Hazing News

Michigan Daily commentary: Sig Ep attacks columnist for stereotyping fraternities

Viewpoint: Greek bashing baseless and shameful

By Alex Prosperi on 9/21/07

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Since freshman year, I have been a proud and active member of Sigma Phi Epsilon. So you can imagine my outrage at Theresa Kennelly’s column in Tuesday’s Daily, which said things like: “I can think of several things you can do to change your life other than choosing some Greek letters.” (Rushing into trouble, 09/18/2007). Rushing gives a student an opportunity to meet new people and experience a different aspect of college life. I can’t speak for everyone, but I know it changed a lot of people’s lives for the better.

I won’t lie. Hazing does happen in the Greek community, but the stereotypical “frat-like” pledging and hazing that people assume is widespread occurs at a very low rate. But I’m not writing to talk about rush or hazing. I’m writing to secure the integrity of my house as well as all the other great fraternities and sororities on campus. SigEp is a national anti-hazing and anti-pledging fraternity. Don’t believe me? I have yet to take a sip of alcohol at the University.

We are built around the Balanced Man Principle, which holds three cardinal principles – virtue, diligence and brotherly love. Brothers go through the Sigma, Phi and Epsilon challenges to gain more knowledge and assume greater leadership in the house. Our house holds things like community service, intramural participation and bonding experiences in the highest regard. We have brothers involved in Indian American Student Association, The Michigan Daily, the Interfraternity Council, Circle K, The Detroit Project, campus orientation tours and Dance Marathon, among others. That’s just from one fraternity.

Year after year Greeks are painted as brainless alcoholics, more concerned with the next mixer than the next midterm. And year after year, we smile and point to statistics that show, once again, that the Greeks on average have higher GPAs than the campus as a whole.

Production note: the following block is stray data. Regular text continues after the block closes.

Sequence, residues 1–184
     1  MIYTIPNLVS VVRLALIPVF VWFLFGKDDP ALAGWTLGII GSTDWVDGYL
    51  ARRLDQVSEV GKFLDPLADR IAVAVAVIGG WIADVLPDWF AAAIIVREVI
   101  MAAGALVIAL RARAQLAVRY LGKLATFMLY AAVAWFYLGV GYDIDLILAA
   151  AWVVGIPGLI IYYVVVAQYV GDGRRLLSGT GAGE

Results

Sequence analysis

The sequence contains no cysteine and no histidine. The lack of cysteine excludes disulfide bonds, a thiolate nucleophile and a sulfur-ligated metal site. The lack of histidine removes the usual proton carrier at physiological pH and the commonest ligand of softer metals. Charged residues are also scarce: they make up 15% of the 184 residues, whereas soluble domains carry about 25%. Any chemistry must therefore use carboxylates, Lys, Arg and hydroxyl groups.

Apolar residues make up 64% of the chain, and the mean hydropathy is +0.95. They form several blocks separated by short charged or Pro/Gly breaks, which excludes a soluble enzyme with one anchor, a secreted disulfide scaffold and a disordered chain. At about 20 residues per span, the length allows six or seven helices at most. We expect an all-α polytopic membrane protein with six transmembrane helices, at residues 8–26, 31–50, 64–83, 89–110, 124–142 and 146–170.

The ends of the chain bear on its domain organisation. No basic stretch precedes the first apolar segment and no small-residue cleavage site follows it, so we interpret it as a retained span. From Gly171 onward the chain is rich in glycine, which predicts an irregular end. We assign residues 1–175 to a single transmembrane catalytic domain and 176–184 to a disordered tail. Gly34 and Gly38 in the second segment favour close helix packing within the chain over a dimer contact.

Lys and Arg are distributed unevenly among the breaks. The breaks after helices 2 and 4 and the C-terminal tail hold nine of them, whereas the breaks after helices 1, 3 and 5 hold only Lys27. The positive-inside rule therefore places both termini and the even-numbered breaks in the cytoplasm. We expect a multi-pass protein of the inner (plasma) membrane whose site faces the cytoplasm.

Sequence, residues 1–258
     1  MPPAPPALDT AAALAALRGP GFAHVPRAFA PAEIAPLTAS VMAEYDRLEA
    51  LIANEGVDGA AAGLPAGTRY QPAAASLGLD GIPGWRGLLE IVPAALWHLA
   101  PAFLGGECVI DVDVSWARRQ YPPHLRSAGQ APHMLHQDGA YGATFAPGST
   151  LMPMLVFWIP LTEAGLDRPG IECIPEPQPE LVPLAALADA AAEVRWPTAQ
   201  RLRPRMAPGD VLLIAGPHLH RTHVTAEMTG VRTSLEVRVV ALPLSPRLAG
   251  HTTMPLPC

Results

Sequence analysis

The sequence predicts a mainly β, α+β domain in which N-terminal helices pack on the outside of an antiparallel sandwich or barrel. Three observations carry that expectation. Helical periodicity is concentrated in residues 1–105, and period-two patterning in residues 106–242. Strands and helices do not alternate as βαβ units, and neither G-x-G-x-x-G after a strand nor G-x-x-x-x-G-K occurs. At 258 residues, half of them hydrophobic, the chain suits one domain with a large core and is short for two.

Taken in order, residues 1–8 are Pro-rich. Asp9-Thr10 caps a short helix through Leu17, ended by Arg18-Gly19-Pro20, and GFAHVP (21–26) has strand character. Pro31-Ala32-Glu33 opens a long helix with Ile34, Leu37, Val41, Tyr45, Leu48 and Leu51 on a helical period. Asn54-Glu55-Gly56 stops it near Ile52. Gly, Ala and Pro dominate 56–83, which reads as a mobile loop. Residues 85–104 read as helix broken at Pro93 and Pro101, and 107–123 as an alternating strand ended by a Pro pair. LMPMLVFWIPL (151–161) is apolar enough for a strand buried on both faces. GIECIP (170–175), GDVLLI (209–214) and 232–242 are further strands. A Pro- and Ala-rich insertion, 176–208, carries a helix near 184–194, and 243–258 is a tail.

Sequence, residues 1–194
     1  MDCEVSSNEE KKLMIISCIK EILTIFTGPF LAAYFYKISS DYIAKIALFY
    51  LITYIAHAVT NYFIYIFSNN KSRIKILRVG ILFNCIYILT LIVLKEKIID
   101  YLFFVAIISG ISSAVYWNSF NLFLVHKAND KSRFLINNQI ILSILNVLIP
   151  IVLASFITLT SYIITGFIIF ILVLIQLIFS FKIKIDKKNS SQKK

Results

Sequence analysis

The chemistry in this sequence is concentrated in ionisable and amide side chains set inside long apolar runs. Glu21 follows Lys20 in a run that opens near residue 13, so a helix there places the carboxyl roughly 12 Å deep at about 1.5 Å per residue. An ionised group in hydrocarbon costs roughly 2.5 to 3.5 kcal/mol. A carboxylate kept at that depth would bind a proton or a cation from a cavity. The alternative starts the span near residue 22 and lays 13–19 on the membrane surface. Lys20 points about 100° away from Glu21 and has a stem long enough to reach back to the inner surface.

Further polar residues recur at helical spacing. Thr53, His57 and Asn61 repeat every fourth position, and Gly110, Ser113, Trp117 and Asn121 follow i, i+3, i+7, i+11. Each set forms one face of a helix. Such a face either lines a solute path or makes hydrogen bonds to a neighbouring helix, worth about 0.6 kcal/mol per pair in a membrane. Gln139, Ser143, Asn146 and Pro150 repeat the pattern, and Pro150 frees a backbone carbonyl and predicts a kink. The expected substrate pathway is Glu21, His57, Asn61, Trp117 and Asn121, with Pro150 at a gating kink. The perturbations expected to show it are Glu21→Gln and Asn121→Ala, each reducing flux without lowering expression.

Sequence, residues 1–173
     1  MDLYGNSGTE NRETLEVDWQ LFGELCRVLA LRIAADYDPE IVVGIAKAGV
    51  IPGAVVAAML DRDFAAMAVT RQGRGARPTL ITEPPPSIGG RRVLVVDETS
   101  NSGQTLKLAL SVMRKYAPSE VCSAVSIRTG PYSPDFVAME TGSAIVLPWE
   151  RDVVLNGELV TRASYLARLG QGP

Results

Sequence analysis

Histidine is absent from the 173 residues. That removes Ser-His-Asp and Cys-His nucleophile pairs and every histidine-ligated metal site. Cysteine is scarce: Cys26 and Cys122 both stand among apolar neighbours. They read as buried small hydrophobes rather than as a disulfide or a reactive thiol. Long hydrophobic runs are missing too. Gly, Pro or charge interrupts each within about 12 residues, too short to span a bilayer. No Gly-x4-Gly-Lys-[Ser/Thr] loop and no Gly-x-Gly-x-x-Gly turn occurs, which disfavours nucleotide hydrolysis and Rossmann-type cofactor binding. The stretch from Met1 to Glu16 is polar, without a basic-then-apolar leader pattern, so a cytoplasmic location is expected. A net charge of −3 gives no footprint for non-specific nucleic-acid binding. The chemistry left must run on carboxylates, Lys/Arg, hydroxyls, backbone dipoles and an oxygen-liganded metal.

Kennelly mentions that Greeks are more into drinking than philanthropy. Such a generalization is unfair. Mine is one of several houses that have never faced social probation for alcohol-related issues, and there are a great number of Greeks on campus who don’t even drink. The Michigan Alpha chapter of SigEp participated in nearly 4,300 hours of community service last year alone and raised upwards of $14,000 for various charities.

Again, SigEp isn’t alone in achievements. Every year, Phi Gamma Delta does a rivalry run to Columbus to raise money for the American Cancer Society. This year it has teamed with Pi Kappa Alpha to make the event even bigger. Speaking of big events, Greek Week is one of the largest student-run philanthropic events on campus.

Kennelly decries the Greeks for their drunken mess on State and Hoover on football Saturdays. Is there no other drunken mess around campus? Some of the best moments in my memory of SigEp come from football Saturdays, and once again, I don’t drink. For a writer to tell anyone in the Greek community that there is a more life changing decision than choosing to go Greek is a shot in the gut to all of us.

To understand the Greek community is to recognize the diversity that the University strives to promote.

-Alex Prosperi is an LSA sophomore and a Daily sports writer.

By Hank Nuwer

Journalist Hank Nuwer is the Alaska author of Hazing: Destroying Young Lives; Broken Pledges: The Deadly Rite of Hazing, High School Hazing, Wrongs of Passage and The Hazing Reader. He has written articles or columns on hazing for the Sunday Times of India, Toronto Globe & Mail, Harper's Magazine, Orlando Sentinel, The Chronicle of Higher Education and the New York Times Sunday Magazine. His new book is Hazing: Destroying Young Lives from Indiana University Press. He is married to Malgorzata Wroblewska Nuwer of Warsaw, Poland and Fairbanks, Alaska. Nuwer, former columnist for the Greenville (Ohio)Early Bird, finished a stint as managing editor of the Celina Daily Standard to accept a new position as managing editor of the Fairbanks Daily News-Miner in Alaska.
Nuwer was named the Ohio Society of Professional Journalists columnist of the year in 2021 for his “After Darke” column in the Early Bird. He also won third place for the column in 2022 from the Indiana chapter of the Society of Professional Journalists. He and his wife Gosia, recently of Union City, Ind., have owned 20 acres in Alaska for many years. “The move is a sort-of coming home for us,” said Nuwer. As a journalist, he’s written about the Alaskan Iditarod sled-dog race and other Alaska topics. Read his musings in his blog at Real Alaska Daily--

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